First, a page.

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Lessons From The Tortoise and the Hare (Remember Who Wins!)

Image courtesy of Michelle Meiklejohn / FreeDigitalPhotos.net

A chic dress never goes out fashion, your mum’s roast never changes (why should it!) and a good story is timeless.

Let’s consider the fable, the Tortoise and the Hare, attributed to Aesop, the Ancient Greek storyteller renowned for his many moral fables.

Written around two and a half millenniums ago, there are truths in this story which are still worthy of consideration in our world today.

You can read the story in full here if you like but if you aren’t familiar with it, then please accept my ‘spoiler alert’ now!

The 2014 Version:

There’s a tortoise – slow, carrying a heavy weight, rides more with the snails than the sparrows when it comes to speed.

And then there’s the hare – cheetahs are more his style when it comes to how he rolls and he’s used to being the fastest animal around.

Mr. Hare is not afraid to boast about his strengths and loves to let his slow moving friend know it, too.

Then one day, the tortoise responds to his faster friend’s pride.

Basically, the tortoise advises him that even he is not infallible and he should remember that. He accepts the hare’s challenge for a “race”, something which the hare likely thought of a piece of cake.

“I’ve got this in the bag!” He laughed, bragging on his Facebook wall of his impending success.

The competition came and the starting gun blew.

The tortoise slowly waddled his way upon the course while the hare, rolling his eyes at the slow pace of his competition, took a little siesta.

He woke up, looked around and saw the tortoise still in his direct gaze. He was slowly slugging his way on the course, undeterred by the length of it.

The hare took some time to get himself some breakfast, order a coffee, check the headlines when all of a sudden he felt tired.

The hot sun and big meal made him sleepy, and besides the tortoise was only just at the half way point of the race.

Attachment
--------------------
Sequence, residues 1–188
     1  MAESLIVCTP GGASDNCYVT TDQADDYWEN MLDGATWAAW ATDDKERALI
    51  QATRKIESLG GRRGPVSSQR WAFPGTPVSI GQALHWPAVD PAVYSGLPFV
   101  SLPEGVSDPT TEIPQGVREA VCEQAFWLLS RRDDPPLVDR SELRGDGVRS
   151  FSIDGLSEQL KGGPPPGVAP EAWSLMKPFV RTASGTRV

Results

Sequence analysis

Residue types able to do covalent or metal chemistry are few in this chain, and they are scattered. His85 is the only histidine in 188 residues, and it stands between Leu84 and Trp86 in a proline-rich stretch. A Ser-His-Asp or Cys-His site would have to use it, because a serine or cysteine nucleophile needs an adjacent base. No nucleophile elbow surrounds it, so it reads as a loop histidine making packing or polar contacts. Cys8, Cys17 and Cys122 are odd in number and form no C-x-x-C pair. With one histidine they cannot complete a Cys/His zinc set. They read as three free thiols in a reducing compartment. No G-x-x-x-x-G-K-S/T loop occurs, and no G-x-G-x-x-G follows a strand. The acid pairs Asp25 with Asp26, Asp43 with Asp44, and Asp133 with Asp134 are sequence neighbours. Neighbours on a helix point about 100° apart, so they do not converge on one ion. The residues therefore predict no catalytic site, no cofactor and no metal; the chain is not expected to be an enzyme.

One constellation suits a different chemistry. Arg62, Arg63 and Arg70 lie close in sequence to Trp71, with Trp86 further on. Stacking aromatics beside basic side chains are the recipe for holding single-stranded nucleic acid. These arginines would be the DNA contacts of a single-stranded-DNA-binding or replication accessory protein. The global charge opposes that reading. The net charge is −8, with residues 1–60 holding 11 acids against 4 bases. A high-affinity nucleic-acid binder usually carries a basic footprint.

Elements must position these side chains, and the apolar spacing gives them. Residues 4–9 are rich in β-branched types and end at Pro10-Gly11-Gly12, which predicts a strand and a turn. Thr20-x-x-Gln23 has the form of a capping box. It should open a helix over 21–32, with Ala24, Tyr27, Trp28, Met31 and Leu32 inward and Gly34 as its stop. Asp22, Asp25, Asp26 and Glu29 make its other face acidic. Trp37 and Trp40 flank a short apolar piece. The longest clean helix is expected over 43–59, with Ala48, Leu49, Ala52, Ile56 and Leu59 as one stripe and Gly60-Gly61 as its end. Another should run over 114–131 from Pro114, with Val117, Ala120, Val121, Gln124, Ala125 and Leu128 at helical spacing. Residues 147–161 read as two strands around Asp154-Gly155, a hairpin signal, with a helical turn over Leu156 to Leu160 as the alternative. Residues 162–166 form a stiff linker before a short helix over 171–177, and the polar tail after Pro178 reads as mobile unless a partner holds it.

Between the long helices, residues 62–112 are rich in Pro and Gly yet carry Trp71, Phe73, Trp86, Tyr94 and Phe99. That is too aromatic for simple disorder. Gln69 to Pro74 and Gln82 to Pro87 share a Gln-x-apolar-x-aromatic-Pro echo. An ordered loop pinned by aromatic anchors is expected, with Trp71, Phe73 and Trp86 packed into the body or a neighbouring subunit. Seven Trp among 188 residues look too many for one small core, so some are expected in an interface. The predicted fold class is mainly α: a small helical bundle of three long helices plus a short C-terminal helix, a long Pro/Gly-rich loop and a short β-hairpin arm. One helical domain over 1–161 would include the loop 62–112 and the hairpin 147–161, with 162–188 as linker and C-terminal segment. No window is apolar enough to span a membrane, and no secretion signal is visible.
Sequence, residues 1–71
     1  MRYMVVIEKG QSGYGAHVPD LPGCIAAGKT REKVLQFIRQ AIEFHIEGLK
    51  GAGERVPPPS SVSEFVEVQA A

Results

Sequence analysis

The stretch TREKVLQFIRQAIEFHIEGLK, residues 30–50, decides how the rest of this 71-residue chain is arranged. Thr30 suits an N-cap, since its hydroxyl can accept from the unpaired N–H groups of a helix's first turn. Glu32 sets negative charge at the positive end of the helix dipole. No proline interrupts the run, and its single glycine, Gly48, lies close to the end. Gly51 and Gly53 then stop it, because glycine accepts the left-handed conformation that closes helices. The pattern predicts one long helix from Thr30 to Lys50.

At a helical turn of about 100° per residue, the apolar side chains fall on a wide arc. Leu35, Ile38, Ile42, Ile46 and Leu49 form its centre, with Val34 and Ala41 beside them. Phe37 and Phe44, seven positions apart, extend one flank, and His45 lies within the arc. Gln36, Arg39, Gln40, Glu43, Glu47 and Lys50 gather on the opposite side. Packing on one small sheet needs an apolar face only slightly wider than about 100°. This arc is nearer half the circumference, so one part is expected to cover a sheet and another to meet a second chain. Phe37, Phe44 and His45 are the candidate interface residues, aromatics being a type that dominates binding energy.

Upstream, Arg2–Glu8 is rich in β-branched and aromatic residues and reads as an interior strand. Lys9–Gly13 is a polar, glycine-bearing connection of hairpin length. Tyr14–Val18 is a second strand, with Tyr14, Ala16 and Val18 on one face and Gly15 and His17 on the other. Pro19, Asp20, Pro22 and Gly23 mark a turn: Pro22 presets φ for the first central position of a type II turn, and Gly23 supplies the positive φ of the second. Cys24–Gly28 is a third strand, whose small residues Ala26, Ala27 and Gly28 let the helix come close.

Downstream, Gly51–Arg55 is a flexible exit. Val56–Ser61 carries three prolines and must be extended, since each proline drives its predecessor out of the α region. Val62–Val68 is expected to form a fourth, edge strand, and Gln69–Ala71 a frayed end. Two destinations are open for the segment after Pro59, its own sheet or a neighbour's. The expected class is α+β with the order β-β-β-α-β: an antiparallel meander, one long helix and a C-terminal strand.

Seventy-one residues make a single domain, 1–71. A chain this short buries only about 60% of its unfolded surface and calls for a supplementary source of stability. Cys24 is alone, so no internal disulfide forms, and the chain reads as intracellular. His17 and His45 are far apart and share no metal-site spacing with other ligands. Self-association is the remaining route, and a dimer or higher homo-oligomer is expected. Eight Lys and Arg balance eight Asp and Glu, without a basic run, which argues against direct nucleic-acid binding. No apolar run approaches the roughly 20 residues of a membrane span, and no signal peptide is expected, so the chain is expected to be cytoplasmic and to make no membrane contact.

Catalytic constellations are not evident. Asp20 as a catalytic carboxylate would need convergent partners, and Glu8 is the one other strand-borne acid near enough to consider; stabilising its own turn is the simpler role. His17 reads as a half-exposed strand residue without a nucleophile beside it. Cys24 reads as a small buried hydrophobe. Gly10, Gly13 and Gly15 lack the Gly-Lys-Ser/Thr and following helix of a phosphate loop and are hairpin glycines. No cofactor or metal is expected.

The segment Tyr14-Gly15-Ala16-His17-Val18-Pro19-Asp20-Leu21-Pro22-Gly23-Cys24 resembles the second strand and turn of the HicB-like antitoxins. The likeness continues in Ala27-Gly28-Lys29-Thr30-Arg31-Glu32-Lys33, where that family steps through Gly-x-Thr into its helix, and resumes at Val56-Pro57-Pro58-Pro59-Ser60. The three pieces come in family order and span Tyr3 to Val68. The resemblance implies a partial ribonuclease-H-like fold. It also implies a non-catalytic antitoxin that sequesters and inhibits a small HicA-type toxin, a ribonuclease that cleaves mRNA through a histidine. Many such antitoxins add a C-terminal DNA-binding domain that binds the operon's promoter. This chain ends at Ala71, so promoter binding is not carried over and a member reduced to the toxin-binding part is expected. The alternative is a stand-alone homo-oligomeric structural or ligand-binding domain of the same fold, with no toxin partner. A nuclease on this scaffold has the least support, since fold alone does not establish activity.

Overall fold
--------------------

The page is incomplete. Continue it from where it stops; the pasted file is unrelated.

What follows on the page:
The hare slept deeply while the tortoise silently inched along. The little tortoise didn’t stop but persisted at his goal.

Meanwhile the overconfident hare still slept. Perhaps forgot to set his alarm. Or slept through it. Or didn’t think he needed one.

Whatever happened – it happened! – and the hare woke up with a start.

He’d slept through most of the day and he spotted the tortoise only moments away from the finish line.

Quickly did the hare sprint to the finish line, his mouth dry from the hot sun and his heart racing with the first feelings of panic but he wasn’t quick enough.

As the hare bounded his way to the end, the tortoise stubbornly inched on as he had been doing the whole day and claimed the victory first.

Bewildered and with his proud ego burst, the hare looked at his winner -an opponent he had gravelly misjudged – and sunk low in defeat.

The tortoise smiled graciously and explained that his approach of “slow and steady” wins a race.

I don’t think the hare updated his Facebook status that night.

With this in mind, let’s look at some things we can learn from this ancient fable:

  • Victory comes to those who persist
  • Overconfidence can catch up with us and leave us vulnerable. And we’re even more vulnerable in this state than we can recognise because we’re so overconfident!
  • Bragging and pride does not usually amount to anything good.
  • Persistence is key
  • Small good habits add up. Similarly, small bad habits add up. Here’s an interesting face: three hours spent on Facebook a day averages to 45 full day a year!
  • Comparing yourself to other people is not wise. The hare did that and ended up in a bad way!
  • Don’t race (the hare should not have instigated this match) but if you must race, then mirror the tenacity and persistence of the tortoise.
  • If pride comes before a fall (the hare) then humility paves the way to success (the tortoise.)

This story gives hope to anyone who doesn’t instantly succeed at something straight away.  It illustrates the idea that “success is a few good choices repeated every day.”

It also highlights the fact that when we compare ourselves to others, this often reflects back a distorted reality.

The hare compared himself to the tortoise and unwisely deducted that he was in a better position to the finish line. Had he simply skated through to the finish line, then he could have rewarded himself with some breakfast and a rest.

Copyright to Anna Kosmanovski

P.S. And if you enjoy watching ‘Vintage Disney’ offerings, then here’s a cute Disney version of the tale!

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